Jane Ahlin, Published October 19 2013
Ahlin: In this game of can-kicking,common sense gets the boot
People, we are that can.
Start with the cost of the government shutdown, which Standard and Poor’s Rating Service estimates at $24 billion. Yes, that’s billion with a “b.” (Note to tea partyers: That’s a conservative estimate.) Indeed, S&P, which has “over 1,400 credit analysts in 23 countries” and boasts “more than 150 years’ experience of assessing credit risk,” makes clear that the just-ended shutdown was a debacle and the specter of another one looming only 90 days down the road can’t help but be a wet blanket on economic recovery.
As reported by Steven Perlberg for Business Insider, not only did the shutdown take $24 billion out of the economy, but it’s also likely to take 0.6 percent off fourth-quarter Gross Domestic Product growth (a substantial number off the former estimate of 3 percent). And although it was essential for an agreement to be reached, the short-term nature of the agreement does not bode well for consumer confidence. As Perlberg put it, “That points to another humbug holiday season.”
Former presidential hopeful from Arizona, Sen. John McCain – who vehemently opposed the shutdown from the beginning – put it succinctly in calling the impasse fueled by the Oz-like zeal of tea party congressional delegates, “a fool’s errand.” Dismissing the notion of another shutdown when the agreement runs out, McCain said on NBC, “We intend to make it clear we cannot do this to the American people.”
Unfortunately, McCain does not speak for the ultra-right members of the GOP who appear unconnected to reality and happy to entertain economic chaos. With more than 140 of them in the House of Representatives voting for the shutdown, it’s no wonder they can’t stand McCain and he thinks they are ruining the Republican Party. They even tried to “primary” him in 2012 when he ran for re-election. (Sorry. As someone who touts good grammar, I know I shouldn’t encourage the use of yet another adjective as a verb.)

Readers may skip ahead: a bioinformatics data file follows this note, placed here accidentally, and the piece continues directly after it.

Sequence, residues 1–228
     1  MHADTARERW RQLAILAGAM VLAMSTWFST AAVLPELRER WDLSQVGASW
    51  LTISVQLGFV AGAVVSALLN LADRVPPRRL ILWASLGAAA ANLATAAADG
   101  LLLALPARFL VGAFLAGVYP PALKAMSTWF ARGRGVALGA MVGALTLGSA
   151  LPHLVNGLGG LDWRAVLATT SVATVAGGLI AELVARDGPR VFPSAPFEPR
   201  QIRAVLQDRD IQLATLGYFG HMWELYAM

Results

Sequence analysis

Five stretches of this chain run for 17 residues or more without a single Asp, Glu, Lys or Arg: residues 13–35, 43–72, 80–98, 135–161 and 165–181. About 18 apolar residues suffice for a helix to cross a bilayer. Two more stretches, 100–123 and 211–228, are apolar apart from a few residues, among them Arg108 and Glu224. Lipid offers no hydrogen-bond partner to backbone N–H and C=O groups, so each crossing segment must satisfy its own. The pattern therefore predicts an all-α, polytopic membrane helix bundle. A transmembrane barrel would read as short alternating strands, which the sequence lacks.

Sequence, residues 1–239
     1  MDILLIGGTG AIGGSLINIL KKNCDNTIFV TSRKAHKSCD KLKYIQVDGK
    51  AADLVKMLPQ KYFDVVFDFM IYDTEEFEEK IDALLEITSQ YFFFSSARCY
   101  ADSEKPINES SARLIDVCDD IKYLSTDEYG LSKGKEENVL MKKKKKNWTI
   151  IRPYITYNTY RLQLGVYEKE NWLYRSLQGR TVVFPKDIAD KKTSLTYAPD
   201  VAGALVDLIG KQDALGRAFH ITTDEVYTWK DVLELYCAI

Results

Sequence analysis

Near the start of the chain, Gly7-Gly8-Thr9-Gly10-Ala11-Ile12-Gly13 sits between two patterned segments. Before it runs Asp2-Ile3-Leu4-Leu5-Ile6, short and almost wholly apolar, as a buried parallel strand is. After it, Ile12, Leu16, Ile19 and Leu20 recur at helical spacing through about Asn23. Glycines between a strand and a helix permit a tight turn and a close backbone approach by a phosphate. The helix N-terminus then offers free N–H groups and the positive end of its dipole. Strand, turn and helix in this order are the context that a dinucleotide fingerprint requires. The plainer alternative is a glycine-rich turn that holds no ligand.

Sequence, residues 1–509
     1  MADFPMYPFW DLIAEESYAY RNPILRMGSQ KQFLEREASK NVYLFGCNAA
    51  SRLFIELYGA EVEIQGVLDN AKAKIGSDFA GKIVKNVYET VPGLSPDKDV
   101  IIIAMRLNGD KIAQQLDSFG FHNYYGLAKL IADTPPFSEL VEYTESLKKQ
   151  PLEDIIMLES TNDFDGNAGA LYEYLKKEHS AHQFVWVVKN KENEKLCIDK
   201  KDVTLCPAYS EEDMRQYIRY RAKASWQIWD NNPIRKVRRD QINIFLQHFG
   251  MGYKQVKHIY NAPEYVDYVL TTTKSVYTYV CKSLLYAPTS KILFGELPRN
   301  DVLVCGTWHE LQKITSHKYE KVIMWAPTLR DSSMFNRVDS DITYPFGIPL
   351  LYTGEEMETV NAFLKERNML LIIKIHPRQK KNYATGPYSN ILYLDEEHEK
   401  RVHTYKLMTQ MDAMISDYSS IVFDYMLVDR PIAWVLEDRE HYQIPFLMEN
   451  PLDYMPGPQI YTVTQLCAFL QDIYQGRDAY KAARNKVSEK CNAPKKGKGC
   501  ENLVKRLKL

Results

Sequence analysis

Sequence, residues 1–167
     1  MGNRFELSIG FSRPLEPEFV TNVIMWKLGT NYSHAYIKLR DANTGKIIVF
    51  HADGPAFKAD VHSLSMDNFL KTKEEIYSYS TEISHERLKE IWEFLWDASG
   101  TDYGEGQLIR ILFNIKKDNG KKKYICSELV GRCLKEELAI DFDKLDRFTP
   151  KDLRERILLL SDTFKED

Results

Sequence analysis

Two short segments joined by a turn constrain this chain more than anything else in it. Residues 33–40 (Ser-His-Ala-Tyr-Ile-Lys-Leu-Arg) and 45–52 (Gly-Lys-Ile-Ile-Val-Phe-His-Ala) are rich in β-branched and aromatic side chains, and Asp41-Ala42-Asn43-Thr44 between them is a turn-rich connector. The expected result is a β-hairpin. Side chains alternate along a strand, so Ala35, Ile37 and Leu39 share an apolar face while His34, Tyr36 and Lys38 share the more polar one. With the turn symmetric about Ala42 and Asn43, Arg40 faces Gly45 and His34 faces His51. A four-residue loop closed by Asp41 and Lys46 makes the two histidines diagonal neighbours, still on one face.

Of course, tea partyers hate The Wall Street Journal, too. Its role as premier conveyor of news and conservative opinion holds no water with the willfully unhinged. Even before the agreement was reached, WSJ editorial pages disparaged “the quality of thinking – or lack thereof – that has afflicted many GOP conservatives from the beginning of this budget showdown. They picked a goal they couldn’t achieve in trying to defund Obamacare from one House of Congress, and then they picked a means they couldn’t sustain politically by pursuing a long government shutdown and threatening to blow through the debt limit.”
Indeed, business interests, for whom the WSJ is the daily bible, increasingly view tea party shenanigans – not as good sense or bad sense – only as nonsense that threatens America’s fragile recovery, not to mention business profits.
Put another way, Republicans don’t know what to do with their robust minority that has their party in a pickle.
The majority of today’s Republicans are nostalgic for Ronald Reagan and his morning-in-America/new-conservatism assurances of the 1980s. Reagan believed that the energy of the social conservatives and grass-roots tax and government haters could be embraced and controlled. Surprise, surprise, he was wrong. Well, ultimately he was wrong, although initially it worked. What he did not foresee – and the Karl Roves and Dick Cheneys were too arrogant to acknowledge – was that the ultra right-wingers had a strategy over time. Waiting worked; they are in charge.
In the meantime, the American people are tired of getting kicked down the road form one phony crisis to another. The cartoon is funny, but the situation isn’t.
Ahlin writes a Sunday column for The Forum.